Stop Getting Pissed Off at Your Nemesis

They can’t stand it when you chill out.

Just once, I’d like a cool arch nemesis. Wouldn’t you? Something out of a Marvel movie. But no, we have to deal with lame foes like frenemies, asshole coworkers, and deadbeat cousins. Your arch nemesis might just be the aunt who buys a hundred birthday presents for your kid, even though you keep asking her to stop.

Or if you’re a professor, the occasional know-it-all student.

Honestly, it’s boring. And such a pain.

The worst nemesis is the skeptical colleague. The one who can’t just disagree with you and move on. They have to lean back and smirk. Adopt a certain tone. Bring the meeting to a complete halt.

They need the floor for a minute, guys. It’s going to take them a while to unpack and display their full disdain for whatever it is you just said. And it really pisses you off.

The skeptical colleague has to educate everyone. Specifically about the flaws in your ideas. Their criticism doesn’t even make sense. Like how do we know space aliens won’t show up and attack us if we go with your idea? Have you taken earthquakes into account, hmm?

Identify your lame nemesis.

Everyone has a nemesis in real life. They’re not a singular threat, more of a personality type. They represent the opposite of how you want to live. They’re your antithesis. Simply talking to them for five minutes can trigger you, and all your secret vulnerabilities.

Your nemesis might not regard themselves as such. They probably think they’re awesome. Which makes things even worse.

You can’t usually sit your nemesis down for coffee and explain to them why — contrary to their internal narrative— they suck. But it’s worth taking some time to figure out what bugs you about them so much.

Study your lame nemesis.

Take my nemesis type, the skeptical colleague. They simply have to beat down everyone else’s ideas to make their own look good. They never get anything done, because they devote all their time to promoting their plans and proving that they’re better than yours.

The skeptic pulls this move all the time. They care about looking smart, and love proving people wrong. They’re always trying to advise, fix, dispute, or stall progress. They’re always dismissing and minimizing what we do, meanwhile telling everyone “she works too hard.”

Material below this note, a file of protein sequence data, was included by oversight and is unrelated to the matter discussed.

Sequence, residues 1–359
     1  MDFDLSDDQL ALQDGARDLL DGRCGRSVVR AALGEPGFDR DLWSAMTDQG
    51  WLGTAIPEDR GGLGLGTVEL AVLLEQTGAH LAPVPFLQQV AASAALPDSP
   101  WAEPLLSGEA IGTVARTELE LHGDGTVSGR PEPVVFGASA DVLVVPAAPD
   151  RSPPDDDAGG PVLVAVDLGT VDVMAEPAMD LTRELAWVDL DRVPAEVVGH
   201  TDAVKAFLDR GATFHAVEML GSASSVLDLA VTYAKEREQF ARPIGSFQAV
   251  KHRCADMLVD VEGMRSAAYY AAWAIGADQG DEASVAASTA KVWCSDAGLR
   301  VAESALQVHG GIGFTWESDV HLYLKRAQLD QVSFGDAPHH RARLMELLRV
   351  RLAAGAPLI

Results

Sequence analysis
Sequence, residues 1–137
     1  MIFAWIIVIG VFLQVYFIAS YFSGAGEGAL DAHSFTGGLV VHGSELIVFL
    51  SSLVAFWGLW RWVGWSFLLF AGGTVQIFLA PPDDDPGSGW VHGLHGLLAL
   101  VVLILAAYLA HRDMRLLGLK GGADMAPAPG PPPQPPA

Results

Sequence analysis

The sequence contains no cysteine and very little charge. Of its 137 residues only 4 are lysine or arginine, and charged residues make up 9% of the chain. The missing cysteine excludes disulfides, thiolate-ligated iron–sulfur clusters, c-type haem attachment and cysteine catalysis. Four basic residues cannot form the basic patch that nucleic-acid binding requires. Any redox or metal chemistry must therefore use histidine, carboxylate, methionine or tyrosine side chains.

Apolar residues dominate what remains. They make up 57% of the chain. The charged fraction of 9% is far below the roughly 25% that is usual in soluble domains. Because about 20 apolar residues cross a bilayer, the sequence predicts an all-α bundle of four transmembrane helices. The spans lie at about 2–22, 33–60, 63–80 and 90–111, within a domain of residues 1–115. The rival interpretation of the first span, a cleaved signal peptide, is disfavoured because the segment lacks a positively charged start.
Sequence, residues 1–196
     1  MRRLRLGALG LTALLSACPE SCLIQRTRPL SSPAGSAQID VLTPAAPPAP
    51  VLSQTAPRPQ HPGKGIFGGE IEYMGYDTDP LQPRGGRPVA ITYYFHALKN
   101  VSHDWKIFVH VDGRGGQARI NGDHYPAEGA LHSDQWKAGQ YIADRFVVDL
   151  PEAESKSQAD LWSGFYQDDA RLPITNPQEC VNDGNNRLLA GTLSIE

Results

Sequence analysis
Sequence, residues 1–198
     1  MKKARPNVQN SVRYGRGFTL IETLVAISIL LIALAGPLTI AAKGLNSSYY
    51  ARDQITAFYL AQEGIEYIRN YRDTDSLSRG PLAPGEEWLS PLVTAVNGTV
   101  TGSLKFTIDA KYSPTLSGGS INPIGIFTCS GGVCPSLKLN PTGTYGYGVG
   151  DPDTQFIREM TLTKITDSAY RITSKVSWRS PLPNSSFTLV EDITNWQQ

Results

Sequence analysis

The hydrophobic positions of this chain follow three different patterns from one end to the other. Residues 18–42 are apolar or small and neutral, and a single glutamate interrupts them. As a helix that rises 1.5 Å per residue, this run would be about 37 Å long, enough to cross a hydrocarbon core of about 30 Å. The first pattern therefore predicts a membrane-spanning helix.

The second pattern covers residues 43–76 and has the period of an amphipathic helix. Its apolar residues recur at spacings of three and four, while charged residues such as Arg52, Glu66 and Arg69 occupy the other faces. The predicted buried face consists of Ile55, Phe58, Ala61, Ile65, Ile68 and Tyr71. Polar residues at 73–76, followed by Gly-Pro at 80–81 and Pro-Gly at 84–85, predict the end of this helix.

Stop getting pissed off at your nemesis.

Strip their power away by understanding their moves. When you understand what motivates them, they shouldn’t make you angry anymore. You’re giving them too much credit.

We secretly like to give other people control over our lives. Friends, parents, colleagues. We let them hold us back. We wait for their permission to do things. We seek their blessing. Then we get angry at them. We blame them for why we aren’t happier, or more successful.

You’d be amazed at how little permission you actually need to do anything. Your nemeses can’t actually stop you. So just walk past them. Ignore them. If you have to, pretend their opinion matters.

Stop fueling your nemesis.

Your nemesis wants to argue with you. They want your time and attention. So disengage. Look around the room, so to speak. Explain your ideas to everyone else. Get them on board.

Or just do what you think should get done. Let your nemesis criticize and complain. It’s just noise.

Your nemesis will spend all day in conflict with you, if they can. To them, it feels fun. They don’t care about getting anything done. A productive day for them is to keep everyone else from accomplishing anything.

Foil your nemesis and their plan.

Dealing with a nemesis can take less energy than you think. So you have an aunt who keeps loading your family down with presents. Not even good ones. Just a bunch of junk. You’ve tried talking to them. Instead of listening, they act all cute about it.

You know how I deal with this nemesis? We just started leaving all that shit at her house. Under the bed.

If she tried shipping it to us, we donated it. We didn’t get angry about it. Maybe she did. And we laughed it off. Finally, other relatives talked her into the original plan — one or two meaningful presents.

The result? Things have gotten better. We didn’t spend hours debating the issue. Usually, that’s pointless.

You can’t always change people.

At least not by arguing with them. But you can give them consequences. You can proceed with your plan, and let everyone see the results. That tends to beat a nemesis.

And it frees up galaxies of time.

You might never silence that skeptical coworker. That one friend or parent might keep judging you and doubting your life choices. So screw ’em. Stop fueling your nemesis. Go win, and watch them wither.